Forte Polywarmetone Plus, but no warm tones.

Discussion in 'B&W: Film, Paper, Chemistry' started by Marco Gilardetti, Nov 4, 2005.

  1. Marco Gilardetti

    Marco Gilardetti Member

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    Forte Polywarmtone Plus, but no warm tones.

    Dear fellows, I have printed through an entire box of Forte Polywarmtone plus during this weekend, and I have to say that the product is outstanding.

    I thought that Agfa Neutol WA (I had some in stock) was the perfect choice for this kind of paper, but I can't see the premised "warm tone". Actually, I have always failed to achieve any kind of warm tone from any kind of paper by using Neutol WA.

    What's the matter with the thing? Or may I don't know what "warm" means, perhaps? Of course I don't expect to obtain sepia-toned prints, but these seem pure cold black as usual.

    Somebody tried the specific Forte warm tone developer? Is it fine, and WARM?
     
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  2. abeku

    abeku Subscriber

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    Strange, Marco! I was spending last night in the darkroom working with Forte polywarmtone and Neutol WA, a marvellous combination, ending up with prints with a brown warm tone, leaning towards green depending on what light you are using. Have you compared your prints to a paper known to be a "cold" paper?
     
  3. Marco Gilardetti

    Marco Gilardetti Member

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    Yes, standard Ilford paper in Ilford Multicontrast. Now, that's amazing.

    When you say "brown", you mean a difference that even a blind could see, or a super-slight tonal drift?

    At which diluition you used the Agfa WA? That may be the key.

    And which fixer? The booklet leaves room to the hypothesis that some fixers may alter the warm tone.
     
  4. abeku

    abeku Subscriber

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    The brown is evident. You wouldn't miss it. I dilute Neutol 1+8 and I use a fixer from Calbe called A300. Sure you have Neutol WA and not NE?
     
  5. Marco Gilardetti

    Marco Gilardetti Member

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    Sure, absolutely. I used it 1+9 so it shouldn't make a big difference, I guess. Now, this is a mistery. The only thing that comes to mind is that it was quite old, though still transparent and well preserved, not yellowish. It was very active as a standard developer, but may it have lost its "warming" abilities over time, perhaps?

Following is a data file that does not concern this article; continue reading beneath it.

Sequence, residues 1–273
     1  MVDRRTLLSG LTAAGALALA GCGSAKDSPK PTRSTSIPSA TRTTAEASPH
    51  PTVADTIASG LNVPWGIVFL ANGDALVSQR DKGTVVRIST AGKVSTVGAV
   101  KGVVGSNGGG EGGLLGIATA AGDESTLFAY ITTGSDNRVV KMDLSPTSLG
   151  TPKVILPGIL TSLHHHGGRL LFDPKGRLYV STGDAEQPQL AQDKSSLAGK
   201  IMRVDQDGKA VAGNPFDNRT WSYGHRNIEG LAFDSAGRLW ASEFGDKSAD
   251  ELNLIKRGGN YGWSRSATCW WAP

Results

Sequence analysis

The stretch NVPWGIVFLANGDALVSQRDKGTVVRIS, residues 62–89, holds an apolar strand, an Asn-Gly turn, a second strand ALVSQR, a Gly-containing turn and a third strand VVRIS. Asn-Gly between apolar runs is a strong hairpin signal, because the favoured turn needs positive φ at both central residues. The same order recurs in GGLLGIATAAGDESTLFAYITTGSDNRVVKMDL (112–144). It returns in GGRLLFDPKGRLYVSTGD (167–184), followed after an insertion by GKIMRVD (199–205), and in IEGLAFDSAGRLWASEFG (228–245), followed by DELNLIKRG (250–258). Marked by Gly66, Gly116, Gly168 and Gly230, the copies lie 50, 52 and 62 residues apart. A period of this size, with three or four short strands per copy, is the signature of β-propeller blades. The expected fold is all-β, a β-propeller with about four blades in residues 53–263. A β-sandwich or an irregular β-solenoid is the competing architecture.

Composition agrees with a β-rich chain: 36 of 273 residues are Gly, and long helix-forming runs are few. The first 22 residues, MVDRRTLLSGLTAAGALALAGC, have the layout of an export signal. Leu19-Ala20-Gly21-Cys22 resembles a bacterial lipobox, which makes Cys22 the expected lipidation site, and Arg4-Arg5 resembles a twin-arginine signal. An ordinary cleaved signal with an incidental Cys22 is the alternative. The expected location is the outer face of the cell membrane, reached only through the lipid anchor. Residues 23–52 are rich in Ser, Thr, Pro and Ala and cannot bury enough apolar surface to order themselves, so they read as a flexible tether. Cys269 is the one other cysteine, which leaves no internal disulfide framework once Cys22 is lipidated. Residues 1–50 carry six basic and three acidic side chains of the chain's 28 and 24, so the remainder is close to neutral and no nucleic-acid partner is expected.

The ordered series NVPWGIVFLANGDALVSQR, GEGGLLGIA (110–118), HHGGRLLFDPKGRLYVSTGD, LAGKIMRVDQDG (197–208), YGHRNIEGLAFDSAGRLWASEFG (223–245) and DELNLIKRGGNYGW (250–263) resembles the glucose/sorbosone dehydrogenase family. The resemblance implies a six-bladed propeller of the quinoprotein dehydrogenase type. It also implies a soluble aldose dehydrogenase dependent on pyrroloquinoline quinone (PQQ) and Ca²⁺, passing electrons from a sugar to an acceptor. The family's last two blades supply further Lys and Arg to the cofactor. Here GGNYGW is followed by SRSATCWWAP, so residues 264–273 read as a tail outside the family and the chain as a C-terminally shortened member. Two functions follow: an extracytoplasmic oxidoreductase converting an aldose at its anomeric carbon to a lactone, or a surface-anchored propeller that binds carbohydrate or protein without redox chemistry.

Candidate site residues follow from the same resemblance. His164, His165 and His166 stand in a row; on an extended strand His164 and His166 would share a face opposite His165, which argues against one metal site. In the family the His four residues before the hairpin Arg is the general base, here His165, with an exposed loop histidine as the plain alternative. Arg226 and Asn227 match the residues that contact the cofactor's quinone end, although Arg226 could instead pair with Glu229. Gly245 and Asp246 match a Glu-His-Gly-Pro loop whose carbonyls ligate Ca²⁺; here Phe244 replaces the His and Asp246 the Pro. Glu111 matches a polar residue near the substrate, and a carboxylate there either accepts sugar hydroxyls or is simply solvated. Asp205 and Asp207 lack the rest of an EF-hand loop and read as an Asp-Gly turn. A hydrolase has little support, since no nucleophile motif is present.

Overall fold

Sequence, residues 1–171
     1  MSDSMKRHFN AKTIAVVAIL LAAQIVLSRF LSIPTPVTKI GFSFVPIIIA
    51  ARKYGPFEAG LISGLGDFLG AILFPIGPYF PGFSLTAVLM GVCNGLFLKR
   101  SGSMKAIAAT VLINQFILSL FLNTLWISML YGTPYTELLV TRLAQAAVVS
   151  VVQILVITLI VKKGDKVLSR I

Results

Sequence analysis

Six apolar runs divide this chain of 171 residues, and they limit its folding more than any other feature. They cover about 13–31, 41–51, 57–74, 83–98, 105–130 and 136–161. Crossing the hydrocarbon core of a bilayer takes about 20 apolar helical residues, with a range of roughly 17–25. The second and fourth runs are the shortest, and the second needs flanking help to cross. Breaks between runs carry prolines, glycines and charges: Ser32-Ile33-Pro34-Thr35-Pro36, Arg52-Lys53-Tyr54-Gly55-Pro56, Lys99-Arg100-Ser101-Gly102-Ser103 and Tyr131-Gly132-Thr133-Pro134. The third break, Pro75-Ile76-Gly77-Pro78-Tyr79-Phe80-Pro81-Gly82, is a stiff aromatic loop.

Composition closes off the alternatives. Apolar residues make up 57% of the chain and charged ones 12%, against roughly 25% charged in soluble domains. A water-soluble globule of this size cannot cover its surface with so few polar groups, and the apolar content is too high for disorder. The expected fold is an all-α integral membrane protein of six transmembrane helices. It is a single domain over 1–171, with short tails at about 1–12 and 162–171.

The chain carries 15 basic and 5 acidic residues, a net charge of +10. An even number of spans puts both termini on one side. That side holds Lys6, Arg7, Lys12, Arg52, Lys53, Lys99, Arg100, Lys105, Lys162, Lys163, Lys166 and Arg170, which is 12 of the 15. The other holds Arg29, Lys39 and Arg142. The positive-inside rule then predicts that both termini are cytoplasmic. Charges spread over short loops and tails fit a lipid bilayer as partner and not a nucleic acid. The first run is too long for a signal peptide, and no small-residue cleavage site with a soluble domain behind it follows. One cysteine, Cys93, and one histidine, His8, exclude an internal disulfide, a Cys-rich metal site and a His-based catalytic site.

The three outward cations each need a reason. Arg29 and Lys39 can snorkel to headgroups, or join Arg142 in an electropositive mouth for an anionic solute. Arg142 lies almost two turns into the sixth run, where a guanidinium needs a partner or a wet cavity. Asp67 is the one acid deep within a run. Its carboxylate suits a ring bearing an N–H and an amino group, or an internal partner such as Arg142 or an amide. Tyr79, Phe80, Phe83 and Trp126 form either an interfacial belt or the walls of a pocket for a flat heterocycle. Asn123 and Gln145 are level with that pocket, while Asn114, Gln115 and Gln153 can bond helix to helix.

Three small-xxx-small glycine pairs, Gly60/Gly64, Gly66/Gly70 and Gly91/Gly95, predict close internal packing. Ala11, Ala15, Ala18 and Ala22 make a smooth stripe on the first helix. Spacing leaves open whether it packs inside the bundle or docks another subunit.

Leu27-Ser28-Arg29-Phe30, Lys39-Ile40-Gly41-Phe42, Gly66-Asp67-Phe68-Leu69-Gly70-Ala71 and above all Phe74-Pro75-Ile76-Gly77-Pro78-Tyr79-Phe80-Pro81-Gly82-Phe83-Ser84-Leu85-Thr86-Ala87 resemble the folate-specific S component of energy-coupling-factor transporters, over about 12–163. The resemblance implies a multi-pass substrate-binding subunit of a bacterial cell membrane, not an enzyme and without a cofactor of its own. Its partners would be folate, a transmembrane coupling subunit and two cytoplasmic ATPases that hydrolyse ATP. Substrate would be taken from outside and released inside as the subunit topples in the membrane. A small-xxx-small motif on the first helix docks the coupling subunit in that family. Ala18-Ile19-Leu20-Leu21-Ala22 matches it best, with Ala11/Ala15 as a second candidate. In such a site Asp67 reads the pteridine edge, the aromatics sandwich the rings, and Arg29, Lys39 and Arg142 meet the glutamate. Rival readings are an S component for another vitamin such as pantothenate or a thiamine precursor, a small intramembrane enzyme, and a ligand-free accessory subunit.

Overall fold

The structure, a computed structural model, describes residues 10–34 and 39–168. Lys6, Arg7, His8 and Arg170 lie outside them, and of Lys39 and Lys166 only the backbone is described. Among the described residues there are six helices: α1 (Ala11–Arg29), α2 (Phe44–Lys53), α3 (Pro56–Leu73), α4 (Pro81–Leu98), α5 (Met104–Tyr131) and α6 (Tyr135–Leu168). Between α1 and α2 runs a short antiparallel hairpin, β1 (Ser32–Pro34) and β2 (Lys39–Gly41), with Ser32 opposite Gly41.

6. abeku

    abeku Subscriber

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    Here's a quick scan of a print from last night. The Forte paper on top of a Oriental paper (with a neutral tone), both processed in Neutol WA for 1.5-2 minutes. Striking difference, isn't it?[/IMG]
     

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  7. Mongo

    Mongo Member

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    My favored warm paper is Ilford MGIV FB, and the warm tone from that paper, when developed in Neutol-WA, is extremely evident. I'm surprised to hear that you're having this issue with the Forte paper, given that the examples I've seen have all been so obviously warmtone with that paper. The images have been brown-and-white, not black-and-white. Which is, really, what you want from a warmtone paper.

    I generally run Neuto-WA at 1:14, but would expect very warm images at 1:9 with a warmtone paper.

    Have you tried looking at the images under different lights? Perhaps that's your issue...I know that under some flourescents my warmtone prints look a little less warmtone to me...hopefully your problem is something as simple as this. The other thing that might help would be to know the rest of your processing routine (stop bath, fixer, wash cycle, etc.). There might be something in there that's causing you problems.

    Best of luck to you.
    Dave
     
  8. Marco Gilardetti

    Marco Gilardetti Member

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    I guess you meant Ilford MG FB Warmtone, right? I don't like that paper very much, as its base is not pure white but creamy, so switched to something else immediately.

    However, wash has no effect as in the fixer it's already evident that the warmtone is not there. Process is: Neutol WA 1+9, 4 mins; Ilford Ilfostop Indicator 1+19, 1 min; Ornano Superfix 1+9, 4 mins. But again, I guess the key is in the developer only.